Shabty of Princess Muthotep
Egyptian, Classical, Ancient Near Eastern Art
The four faience shabties of Princess Muthotep show how some members of the royal family in the Twenty-second Dynasty adopted a practice formerly restricted to the less wealthy. Faience had become so closely associated with shabty manufacture that even a princess wanted shabties in this less expensive material.
ca. 1075-656 B.C.E.
Third Intermediate Period
3 1/2 x 1 1/4 x 1 in. (8.9 x 3.2 x 2.5 cm) (show scale)
Charles Edwin Wilbour Fund
[One of] four white glazed faience mummiform ushabtis of the Mistress of the House, Songstress of Amun, Muthotep. Belong with 37.137E and 37.139E.
This item is not on view
Shabty of Princess Muthotep, ca. 1075-656 B.C.E. Faience, 3 1/2 x 1 1/4 x 1 in. (8.9 x 3.2 x 2.5 cm). Brooklyn Museum, Charles Edwin Wilbour Fund, 37.207E. Creative Commons-BY (Photo: , 37.205E-.208E_front_PS2.jpg)
"CUR" at the beginning of an image file name means that the image was created by a curatorial staff member. These study images may be digital point-and-shoot photographs, when we don\'t yet have high-quality studio photography, or they may be scans of older negatives, slides, or photographic prints, providing historical documentation of the object.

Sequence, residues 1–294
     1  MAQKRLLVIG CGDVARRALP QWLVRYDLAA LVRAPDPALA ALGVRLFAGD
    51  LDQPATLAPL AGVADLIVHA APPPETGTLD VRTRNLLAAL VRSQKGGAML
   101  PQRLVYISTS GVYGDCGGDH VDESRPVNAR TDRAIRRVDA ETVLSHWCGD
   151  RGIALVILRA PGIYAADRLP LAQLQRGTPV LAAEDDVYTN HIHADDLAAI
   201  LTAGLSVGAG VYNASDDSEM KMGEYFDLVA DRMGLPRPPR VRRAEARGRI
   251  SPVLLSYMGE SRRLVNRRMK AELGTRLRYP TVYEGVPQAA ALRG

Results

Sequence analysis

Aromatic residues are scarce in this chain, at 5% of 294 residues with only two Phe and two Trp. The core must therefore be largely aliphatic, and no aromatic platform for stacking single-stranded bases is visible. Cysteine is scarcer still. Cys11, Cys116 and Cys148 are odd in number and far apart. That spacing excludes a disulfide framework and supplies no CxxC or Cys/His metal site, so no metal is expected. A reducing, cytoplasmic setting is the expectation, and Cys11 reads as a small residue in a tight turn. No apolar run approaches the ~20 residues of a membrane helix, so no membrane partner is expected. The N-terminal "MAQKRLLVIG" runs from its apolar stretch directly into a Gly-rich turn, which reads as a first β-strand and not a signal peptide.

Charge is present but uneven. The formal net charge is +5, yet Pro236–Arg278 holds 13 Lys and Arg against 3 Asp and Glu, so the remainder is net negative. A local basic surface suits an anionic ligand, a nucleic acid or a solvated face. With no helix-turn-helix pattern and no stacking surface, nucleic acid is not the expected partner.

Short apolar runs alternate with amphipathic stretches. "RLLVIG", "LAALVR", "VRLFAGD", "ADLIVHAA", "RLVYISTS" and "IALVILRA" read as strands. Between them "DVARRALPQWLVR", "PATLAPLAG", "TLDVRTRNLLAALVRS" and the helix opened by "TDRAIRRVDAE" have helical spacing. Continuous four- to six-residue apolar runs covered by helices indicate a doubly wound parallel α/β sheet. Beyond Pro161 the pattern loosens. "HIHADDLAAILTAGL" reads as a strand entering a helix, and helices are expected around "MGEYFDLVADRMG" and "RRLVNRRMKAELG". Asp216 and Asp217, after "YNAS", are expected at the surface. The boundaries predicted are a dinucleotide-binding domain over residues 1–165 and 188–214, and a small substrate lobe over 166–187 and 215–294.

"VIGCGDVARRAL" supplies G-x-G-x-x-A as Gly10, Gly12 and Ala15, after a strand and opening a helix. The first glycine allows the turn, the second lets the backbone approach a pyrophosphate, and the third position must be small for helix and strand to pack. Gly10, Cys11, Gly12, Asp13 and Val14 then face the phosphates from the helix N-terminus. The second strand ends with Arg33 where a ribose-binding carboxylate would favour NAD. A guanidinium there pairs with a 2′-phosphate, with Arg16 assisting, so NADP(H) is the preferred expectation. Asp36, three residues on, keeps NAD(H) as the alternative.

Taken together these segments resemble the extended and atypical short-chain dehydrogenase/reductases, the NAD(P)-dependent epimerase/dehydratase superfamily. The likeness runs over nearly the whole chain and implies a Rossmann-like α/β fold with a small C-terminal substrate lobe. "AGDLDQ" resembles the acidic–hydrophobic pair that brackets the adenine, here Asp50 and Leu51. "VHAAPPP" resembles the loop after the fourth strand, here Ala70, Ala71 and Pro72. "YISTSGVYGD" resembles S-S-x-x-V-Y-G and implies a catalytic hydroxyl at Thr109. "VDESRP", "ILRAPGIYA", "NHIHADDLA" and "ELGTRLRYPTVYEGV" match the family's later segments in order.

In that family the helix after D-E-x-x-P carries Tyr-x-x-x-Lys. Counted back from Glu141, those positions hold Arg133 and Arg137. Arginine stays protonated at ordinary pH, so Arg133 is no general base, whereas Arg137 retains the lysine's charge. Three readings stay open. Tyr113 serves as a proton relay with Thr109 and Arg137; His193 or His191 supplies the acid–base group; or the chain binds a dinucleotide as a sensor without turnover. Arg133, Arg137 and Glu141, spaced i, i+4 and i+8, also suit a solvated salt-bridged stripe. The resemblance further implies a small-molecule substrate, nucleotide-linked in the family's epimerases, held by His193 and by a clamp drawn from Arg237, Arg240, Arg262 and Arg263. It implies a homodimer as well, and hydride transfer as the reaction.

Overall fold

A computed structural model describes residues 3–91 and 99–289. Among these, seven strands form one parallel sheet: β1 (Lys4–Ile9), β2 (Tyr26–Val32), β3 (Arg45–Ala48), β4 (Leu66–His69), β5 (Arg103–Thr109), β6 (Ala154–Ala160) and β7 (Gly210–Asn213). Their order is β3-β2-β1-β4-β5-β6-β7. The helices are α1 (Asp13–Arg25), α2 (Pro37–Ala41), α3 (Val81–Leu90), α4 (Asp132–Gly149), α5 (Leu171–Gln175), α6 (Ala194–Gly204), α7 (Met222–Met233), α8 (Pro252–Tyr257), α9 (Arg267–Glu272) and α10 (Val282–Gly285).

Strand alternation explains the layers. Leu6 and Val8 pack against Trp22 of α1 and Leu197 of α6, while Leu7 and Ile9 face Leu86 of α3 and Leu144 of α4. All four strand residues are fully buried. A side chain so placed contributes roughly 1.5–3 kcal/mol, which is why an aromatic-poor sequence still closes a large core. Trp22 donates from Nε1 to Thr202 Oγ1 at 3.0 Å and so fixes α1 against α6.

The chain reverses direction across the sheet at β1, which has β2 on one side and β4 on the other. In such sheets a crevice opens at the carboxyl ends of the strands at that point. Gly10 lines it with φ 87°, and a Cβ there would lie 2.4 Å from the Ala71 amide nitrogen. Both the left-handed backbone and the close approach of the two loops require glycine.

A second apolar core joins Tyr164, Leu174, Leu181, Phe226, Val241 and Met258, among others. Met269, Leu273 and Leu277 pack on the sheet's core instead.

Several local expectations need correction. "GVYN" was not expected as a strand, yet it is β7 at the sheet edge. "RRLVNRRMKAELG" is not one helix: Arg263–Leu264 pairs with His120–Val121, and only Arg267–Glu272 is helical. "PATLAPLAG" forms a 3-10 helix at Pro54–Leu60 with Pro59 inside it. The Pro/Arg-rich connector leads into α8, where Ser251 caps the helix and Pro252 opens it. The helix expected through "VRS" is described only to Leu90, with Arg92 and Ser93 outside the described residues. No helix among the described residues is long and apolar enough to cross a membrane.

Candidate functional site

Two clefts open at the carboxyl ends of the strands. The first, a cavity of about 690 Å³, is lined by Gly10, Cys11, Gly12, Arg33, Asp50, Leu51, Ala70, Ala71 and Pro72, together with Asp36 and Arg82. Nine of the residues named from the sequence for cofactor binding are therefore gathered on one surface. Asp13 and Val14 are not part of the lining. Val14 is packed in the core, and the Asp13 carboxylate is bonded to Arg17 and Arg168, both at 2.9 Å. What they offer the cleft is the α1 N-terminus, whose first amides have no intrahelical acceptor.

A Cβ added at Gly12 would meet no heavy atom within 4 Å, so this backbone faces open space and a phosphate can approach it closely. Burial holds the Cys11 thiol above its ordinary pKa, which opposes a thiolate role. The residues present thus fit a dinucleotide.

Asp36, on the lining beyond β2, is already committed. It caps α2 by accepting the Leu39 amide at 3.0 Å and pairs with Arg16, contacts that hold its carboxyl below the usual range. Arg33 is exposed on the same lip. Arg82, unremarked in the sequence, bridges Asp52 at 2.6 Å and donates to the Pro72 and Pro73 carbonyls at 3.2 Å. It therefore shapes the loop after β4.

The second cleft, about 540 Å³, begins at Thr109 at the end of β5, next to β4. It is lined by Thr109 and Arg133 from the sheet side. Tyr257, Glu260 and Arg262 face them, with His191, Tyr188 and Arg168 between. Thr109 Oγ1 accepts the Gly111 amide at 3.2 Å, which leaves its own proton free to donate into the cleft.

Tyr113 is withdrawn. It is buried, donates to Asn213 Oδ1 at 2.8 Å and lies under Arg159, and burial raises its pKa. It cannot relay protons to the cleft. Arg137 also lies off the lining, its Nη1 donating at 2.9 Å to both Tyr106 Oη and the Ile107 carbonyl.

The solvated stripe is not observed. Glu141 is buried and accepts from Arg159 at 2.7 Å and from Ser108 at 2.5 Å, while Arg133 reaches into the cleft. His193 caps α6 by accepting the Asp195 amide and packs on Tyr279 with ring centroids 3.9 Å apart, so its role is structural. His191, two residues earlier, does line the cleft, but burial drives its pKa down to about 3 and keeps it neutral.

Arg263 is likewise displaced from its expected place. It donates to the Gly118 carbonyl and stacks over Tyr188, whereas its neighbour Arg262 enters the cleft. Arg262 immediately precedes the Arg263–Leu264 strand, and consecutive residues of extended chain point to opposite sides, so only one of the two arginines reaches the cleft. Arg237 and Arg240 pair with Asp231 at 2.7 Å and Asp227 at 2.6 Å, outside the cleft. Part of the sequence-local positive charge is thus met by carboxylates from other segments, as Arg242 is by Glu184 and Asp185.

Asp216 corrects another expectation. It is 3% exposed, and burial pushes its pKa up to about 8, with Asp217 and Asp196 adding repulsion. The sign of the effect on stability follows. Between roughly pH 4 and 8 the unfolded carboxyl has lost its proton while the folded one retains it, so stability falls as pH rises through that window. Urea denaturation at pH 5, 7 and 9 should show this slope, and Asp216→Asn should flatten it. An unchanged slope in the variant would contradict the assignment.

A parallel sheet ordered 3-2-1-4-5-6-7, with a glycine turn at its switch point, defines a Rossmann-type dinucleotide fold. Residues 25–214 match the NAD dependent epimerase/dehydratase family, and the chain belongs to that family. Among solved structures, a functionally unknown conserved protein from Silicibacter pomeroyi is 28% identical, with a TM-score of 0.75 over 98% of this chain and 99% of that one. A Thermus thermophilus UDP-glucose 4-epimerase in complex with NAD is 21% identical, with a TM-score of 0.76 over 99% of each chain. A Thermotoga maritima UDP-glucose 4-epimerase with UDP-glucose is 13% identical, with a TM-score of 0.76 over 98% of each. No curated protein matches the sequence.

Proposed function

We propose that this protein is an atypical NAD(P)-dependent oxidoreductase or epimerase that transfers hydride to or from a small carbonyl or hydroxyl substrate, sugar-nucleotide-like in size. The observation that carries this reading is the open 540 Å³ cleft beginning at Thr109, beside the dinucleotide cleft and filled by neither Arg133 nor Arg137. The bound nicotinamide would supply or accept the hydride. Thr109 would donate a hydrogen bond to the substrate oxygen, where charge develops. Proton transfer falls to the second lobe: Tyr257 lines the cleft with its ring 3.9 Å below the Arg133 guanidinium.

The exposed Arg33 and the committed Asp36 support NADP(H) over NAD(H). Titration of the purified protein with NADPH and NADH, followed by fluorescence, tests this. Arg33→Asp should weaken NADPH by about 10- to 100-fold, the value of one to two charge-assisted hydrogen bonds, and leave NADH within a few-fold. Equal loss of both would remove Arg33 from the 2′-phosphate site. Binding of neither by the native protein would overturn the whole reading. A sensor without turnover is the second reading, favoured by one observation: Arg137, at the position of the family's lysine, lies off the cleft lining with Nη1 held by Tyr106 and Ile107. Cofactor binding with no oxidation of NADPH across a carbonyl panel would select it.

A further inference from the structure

You may download and use Brooklyn Museum images of this three-dimensional work in accordance with a Creative Commons license
. Fair use, as understood under the United States Copyright Act, may also apply.
Please include caption information from this page and credit the Brooklyn Museum. If you need a high resolution file, please fill out our online application form
For further information about copyright, we recommend resources at the United States Library of Congress
, Cornell University
, Copyright and Cultural Institutions: Guidelines for U.S. Libraries, Archives, and Museums
, and Copyright Watch
For more information about the Museum's rights project, including how rights types are assigned, please see our blog posts on copyright
If you have any information regarding this work and rights to it, please contact firstname.lastname@example.org
Not every record you will find here is complete. More information is available for some works than for others, and some entries have been updated more recently. Records are frequently reviewed and revised, and we welcome
any additional information you might have.